Eureporter 17 September
EU ‘Zombie Zone’ in West Balkans makes refugee solution harder
Greece beat Macedonia in a tight basketball championship match this month. The game was played in Croatia but foreigners watching a thrilling contest on Greek television would have been at a loss to know who the Greeks were playing as the name of Greece’s opponents was left blank on TV screens.
This is part of the surreal failure of the West Balkans to come to terms with modernity after the decade long war of the 1990s that broke up the former Yugoslavia into seven small European nation-states. The region is now the EU’s ‘Zombie Zone’ where the dead and the hates of the past seem more alive than the living.
Like the Lilliputians in Swift’s ‘Gulliver’s Travels’ who went to war over whether to crack an egg at its broad or pointed end, the West Balkan states from Greece northwards are better at finding reasons to oppose each other than to cooperate.
The rest of the world laughs at the Macedonian pretention that the hero of ancient Greece, Alexander the Great, has anything to do with today’s Slav-Albanian state of Macedonia.
But as with the Serbian pretence that Kosovo is just a breakaway province that one day will see the light and return to be ruled by Belgrade these nationalist populist passions have a debilitating effect on normal economic developments.
Greece also refuses to establish diplomatic recognition with Kosovo even if Greek businesses are important investors in the small landlocked and desperately poor state .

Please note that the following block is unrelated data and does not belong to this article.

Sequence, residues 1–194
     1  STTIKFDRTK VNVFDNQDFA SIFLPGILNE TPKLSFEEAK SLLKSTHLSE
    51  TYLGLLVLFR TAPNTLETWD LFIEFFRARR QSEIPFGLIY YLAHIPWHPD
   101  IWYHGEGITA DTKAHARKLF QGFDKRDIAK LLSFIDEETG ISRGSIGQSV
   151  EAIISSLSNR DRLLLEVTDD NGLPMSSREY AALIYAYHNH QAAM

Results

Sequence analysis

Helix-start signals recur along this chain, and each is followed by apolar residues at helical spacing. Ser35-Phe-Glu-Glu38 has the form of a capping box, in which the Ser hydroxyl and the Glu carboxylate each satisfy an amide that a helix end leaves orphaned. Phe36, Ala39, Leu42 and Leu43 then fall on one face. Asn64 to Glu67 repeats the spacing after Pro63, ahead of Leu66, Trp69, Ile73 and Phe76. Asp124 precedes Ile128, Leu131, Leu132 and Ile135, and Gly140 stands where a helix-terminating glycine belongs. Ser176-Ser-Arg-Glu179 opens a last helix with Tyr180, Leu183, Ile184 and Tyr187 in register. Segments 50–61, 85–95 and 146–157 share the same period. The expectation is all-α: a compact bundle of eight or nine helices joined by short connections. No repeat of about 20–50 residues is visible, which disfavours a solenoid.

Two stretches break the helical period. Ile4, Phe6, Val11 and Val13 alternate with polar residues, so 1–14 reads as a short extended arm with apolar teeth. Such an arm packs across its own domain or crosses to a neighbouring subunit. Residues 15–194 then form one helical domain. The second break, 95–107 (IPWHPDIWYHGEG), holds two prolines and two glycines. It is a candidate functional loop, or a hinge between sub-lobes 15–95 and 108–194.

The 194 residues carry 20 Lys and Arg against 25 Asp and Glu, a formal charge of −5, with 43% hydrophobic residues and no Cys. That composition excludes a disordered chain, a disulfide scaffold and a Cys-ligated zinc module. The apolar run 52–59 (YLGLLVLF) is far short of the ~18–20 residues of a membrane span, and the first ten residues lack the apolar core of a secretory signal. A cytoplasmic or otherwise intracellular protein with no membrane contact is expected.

This leaves Kosovo in an international limbo unable to join global bodies like the UN, the EU or even the Council of Europe and access international loans and investment. The endless clamour for punishment for the massive displacement of Serbs that followed the end of Belgrade’s rule there also prevents reconciliation, trade and economic development.
Without any encouragement anti-Serb politicians in the region will remind listeners about Srebrenica, Sarajevo and the massacres of Kosovan Albanians by Serb warlords and militias.
It is as if in 1965, France and Germany had no diplomatic relations, only talked about wartime atrocities, and stopped normal economic, student, and cultural intercourse.
At last Kosovo has got its own telephone dialling code instead of going via mobile phone services in Monaco. This modest step was brokered last month by the EU and is to be welcomed.
In June, the biggest single national quota of migrants entering the EU were 57,000 Kosovans. The barbed wire barrier erected by Hungary on its border with Serbia was designed not to keep Syrian refugees at bay but to deny entry to Serb, Macedonian and Kosovan citizens who have given up hope of finding work, a home and having a future in their own nations.
The EU’s foreign service does its best and both the current EU top diplomat, Frederica Mogherini and her predecessor, Cathy Ashton, devoted more time to trying to untangle West Balkan hates and knock heads together than any other issue.
But the fact remains that fifteen years after the end of the fighting the West Balkans from Athens to the Alps is blocked by nationalist identity passions that prevent normal state development.
In this twilight world criminality and corruption flourish and movement of migrants, refugees and prostitutes through a region where states do not recognise each other’s frontiers or cooperate on policing and intelligence is a profitable business.
The EU cannot put back on their feet the destroyed states of Iraq, Libya and Syria but if Brussels, Berlin, Paris and London are so incapable of injecting a little common sense into the states of the West Balkans, including Greece, can an EU foreign policy really be said to exist?
Denis MacShane is a former minister responsible for the Balkans and the EU in the Tony Blair government.